Obsession Telescopes are something of a standard in the astronomy community. David Kriege was one of the first to start building truss tube dobsonian telescopes commercially, bringing portable large aperture telescopes to the astronomy community. These telescopes were a bit of a revolution in the pursuit, with sizes unreachable only a decade before, when a 10″ or 12″ telescope was considered big. When I built my 18″ it is David Kriege’s book I used for much of the design, following in the footsteps of so many amateur astronomers.
A 20″ f/4 Obsession donated to the observatory has presented a challenge and an opportunity. The telescope was the prized possession of Bob Michael having been ordered new directly from Obsession. The telescope is serial number 004 with a manufacturing date of June 1st, 1990. As David started Obsession Telescope in 1989, this is a very early example of his work. For many years Bob and his wife used this telescope to observe, completing the Herschel 400 and other observing projects. Unfortunately he was forced to give up astronomy due to age and glaucoma, donating his equipment to the observatory.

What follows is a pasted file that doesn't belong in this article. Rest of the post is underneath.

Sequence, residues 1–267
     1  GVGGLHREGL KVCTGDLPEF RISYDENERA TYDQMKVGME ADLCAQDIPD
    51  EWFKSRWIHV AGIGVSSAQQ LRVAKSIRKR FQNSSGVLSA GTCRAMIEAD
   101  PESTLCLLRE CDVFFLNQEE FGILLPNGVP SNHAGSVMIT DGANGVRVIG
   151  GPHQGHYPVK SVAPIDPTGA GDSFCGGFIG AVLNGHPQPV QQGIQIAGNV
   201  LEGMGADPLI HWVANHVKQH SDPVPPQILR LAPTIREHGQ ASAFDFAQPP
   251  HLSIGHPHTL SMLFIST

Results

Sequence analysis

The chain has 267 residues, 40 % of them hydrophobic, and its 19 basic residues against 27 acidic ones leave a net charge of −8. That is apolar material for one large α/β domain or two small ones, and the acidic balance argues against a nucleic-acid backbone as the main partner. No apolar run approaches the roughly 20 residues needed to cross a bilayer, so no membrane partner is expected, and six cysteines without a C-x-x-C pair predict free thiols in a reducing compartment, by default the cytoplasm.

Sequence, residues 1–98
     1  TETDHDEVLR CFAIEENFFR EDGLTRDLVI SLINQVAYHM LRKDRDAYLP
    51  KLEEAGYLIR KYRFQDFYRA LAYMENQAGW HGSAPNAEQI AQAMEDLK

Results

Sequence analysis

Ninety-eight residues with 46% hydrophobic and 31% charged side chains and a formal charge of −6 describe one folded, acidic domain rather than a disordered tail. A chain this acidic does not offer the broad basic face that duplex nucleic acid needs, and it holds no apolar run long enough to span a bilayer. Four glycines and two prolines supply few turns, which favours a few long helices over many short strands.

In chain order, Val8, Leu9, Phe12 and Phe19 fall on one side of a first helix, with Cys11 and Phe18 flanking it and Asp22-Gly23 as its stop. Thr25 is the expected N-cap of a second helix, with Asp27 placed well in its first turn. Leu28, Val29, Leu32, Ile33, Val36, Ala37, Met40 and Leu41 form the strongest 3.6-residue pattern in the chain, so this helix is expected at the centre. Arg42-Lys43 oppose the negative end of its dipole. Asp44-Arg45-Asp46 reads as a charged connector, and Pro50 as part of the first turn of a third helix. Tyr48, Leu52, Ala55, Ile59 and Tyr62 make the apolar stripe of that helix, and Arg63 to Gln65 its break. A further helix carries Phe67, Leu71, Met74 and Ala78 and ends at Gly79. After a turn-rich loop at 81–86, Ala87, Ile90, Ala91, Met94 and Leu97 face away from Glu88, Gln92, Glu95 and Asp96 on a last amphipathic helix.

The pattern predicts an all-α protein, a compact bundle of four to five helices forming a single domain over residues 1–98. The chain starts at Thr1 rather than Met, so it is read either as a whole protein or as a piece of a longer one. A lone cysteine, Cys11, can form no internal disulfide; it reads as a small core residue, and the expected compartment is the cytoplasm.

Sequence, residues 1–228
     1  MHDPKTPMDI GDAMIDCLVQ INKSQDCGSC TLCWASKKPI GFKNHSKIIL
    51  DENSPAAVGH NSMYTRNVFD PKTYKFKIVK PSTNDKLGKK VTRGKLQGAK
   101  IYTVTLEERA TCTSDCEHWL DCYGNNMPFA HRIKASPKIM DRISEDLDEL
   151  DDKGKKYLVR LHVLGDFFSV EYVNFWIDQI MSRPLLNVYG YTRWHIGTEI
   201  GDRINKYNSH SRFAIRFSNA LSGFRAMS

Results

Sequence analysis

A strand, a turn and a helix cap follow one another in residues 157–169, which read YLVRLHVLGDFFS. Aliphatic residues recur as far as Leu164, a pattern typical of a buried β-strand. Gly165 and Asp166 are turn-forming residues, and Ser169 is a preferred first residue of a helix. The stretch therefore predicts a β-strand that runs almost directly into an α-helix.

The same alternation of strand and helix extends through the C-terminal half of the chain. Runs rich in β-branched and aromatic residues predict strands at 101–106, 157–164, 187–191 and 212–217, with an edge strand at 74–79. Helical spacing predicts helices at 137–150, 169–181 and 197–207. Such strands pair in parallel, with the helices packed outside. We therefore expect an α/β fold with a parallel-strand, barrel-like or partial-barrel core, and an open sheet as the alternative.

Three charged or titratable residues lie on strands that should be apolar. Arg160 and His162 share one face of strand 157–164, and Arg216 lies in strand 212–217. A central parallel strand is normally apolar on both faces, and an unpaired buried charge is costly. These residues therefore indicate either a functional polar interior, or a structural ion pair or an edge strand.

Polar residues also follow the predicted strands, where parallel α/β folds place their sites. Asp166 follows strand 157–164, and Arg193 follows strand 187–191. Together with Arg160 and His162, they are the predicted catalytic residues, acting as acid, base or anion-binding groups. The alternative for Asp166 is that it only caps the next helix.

Star parties at Hale Pohaku are very informal affairs. You never really know who is and who is not going to show up. We just don’t plan that much.
It had just been too long, I had not had a good night out with the telescope for months. This dark moon Saturday was not going to be missed, I packed up Deep Violet and headed for The Mountain. I knew a few folks would be there, certainly Cliff and Tony. The rest of the folks were a surprise to me. As the evening progressed more and more ‘scopes showed up, a few more familiar voices in the darkness.
We had picked a decent night. The transparency was fairly good, and the seeing was great. We enjoyed views of Jupiter better than I had seen in quite a while, Probably years. There was the red spot, moon shadows, even the moon Io could be clearly seen transiting the disk.
The only real issue was the wind, it was annoying. A couple of us moved our telescopes into the patio area of the MKVIS, where the building offered some shelter at the expense of blocking some of the sky.